The next time you feel like complaining about your noisy neighbors or the guy in the car next to you whose stereo is cranked so loud that it rattles your fillings, take a minute to be grateful he isn’t blasting his music through the 154-decibel sound system at the Large European Acoustic Facility (LEAF).
The European Space Agency’s LEAF includes a 36-ft. by 54-ft. wall that can reach that ear-splitting level by pumping nitrogen into horns in order to simulate the noise made during a rocket launch.
At full strength, the sheer force of the sound could kill someone; that’s why the only things sitting in front of the horns are expensive satellite systems that are being stress tested.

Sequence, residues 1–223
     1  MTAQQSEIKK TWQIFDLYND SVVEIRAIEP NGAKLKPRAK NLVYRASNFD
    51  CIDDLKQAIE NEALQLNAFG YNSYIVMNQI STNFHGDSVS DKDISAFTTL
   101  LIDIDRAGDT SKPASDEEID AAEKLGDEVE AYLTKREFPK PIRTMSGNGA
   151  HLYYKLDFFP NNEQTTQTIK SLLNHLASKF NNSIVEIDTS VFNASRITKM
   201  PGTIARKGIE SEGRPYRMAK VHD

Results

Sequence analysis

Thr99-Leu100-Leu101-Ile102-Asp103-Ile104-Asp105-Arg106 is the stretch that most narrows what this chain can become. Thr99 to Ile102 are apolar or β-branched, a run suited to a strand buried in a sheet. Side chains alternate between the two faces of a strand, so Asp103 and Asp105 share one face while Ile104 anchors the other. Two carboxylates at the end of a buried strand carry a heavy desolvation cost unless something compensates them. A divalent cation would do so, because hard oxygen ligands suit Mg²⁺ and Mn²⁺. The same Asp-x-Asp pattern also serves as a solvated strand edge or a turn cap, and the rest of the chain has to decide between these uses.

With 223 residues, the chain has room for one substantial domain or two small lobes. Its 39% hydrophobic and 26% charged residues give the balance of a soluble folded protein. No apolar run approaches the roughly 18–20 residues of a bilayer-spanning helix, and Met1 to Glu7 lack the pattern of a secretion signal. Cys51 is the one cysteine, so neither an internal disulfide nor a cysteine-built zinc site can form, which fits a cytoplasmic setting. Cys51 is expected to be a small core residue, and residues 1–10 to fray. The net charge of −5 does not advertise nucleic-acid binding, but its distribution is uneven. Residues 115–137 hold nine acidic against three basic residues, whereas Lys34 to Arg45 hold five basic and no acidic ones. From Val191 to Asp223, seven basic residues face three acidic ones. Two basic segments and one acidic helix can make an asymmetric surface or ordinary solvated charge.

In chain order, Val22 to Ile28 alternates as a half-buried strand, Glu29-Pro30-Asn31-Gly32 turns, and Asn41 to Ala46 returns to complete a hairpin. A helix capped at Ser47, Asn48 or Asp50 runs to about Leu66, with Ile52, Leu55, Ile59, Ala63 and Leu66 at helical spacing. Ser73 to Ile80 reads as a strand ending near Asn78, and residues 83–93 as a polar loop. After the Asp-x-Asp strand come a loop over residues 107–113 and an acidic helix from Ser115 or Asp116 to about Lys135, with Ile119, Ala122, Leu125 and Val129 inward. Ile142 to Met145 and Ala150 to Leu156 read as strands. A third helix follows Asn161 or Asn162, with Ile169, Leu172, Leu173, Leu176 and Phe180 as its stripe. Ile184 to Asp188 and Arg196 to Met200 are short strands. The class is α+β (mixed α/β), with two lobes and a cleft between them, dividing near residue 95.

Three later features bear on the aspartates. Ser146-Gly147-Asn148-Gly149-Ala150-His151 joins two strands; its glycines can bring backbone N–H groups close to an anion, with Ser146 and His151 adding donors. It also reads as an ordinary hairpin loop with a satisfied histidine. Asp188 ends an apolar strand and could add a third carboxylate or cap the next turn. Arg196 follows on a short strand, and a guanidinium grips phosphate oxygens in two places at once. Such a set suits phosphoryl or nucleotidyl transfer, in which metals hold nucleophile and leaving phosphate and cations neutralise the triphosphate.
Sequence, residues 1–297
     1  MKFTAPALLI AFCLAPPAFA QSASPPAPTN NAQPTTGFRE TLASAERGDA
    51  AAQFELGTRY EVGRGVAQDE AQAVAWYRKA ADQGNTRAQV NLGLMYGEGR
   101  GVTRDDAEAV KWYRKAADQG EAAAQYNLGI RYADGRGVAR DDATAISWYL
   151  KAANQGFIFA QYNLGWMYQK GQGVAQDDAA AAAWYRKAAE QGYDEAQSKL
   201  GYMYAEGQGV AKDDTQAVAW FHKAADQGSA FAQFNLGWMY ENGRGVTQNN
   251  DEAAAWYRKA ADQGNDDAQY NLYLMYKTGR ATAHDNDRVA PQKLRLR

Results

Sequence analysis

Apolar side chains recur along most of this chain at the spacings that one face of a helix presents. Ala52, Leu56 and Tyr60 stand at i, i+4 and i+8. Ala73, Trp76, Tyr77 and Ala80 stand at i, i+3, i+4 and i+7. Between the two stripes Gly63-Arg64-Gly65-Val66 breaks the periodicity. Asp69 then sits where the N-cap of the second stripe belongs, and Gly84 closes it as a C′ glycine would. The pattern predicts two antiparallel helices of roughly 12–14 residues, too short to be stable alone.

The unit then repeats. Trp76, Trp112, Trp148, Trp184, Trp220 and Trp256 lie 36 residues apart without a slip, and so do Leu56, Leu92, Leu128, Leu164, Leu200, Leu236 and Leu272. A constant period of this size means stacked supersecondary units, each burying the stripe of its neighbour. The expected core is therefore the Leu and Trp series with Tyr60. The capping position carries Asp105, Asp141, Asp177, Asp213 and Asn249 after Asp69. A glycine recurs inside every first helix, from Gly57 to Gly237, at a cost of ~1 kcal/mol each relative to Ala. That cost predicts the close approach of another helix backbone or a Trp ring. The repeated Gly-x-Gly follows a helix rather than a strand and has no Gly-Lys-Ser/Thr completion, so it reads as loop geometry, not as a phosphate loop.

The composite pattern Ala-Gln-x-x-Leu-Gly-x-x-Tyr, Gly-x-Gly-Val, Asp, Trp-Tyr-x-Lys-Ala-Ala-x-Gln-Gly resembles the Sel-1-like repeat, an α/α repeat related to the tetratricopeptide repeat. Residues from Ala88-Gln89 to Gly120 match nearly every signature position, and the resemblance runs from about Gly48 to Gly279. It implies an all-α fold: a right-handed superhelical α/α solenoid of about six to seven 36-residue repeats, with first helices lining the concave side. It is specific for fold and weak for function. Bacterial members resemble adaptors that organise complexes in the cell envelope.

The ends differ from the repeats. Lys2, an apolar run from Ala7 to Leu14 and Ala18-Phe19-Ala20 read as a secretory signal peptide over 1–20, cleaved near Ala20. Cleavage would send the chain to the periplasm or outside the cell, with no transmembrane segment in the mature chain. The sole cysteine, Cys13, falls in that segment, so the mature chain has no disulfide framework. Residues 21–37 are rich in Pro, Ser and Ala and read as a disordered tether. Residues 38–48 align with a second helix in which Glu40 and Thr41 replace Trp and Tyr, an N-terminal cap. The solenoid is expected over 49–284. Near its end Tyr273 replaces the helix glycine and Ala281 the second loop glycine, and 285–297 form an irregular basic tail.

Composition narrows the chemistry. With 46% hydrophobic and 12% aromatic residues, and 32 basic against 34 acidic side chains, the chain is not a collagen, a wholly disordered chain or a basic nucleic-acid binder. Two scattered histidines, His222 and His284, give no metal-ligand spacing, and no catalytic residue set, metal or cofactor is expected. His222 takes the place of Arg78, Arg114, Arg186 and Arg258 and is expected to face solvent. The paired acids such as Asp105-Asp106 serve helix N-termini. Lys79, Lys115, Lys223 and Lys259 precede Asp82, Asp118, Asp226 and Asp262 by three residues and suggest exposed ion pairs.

LEAF is part of the ESA’s ESTEC Test Centre in The Netherlands. The sound system only operates once all of the doors are closed, and steel-reinforced concrete walls contain the noise. The sound chamber is supported on rubber bearing pads to isolate it from its surroundings.
Pump up the volume and hear your computer read a description of LEAF in the video below.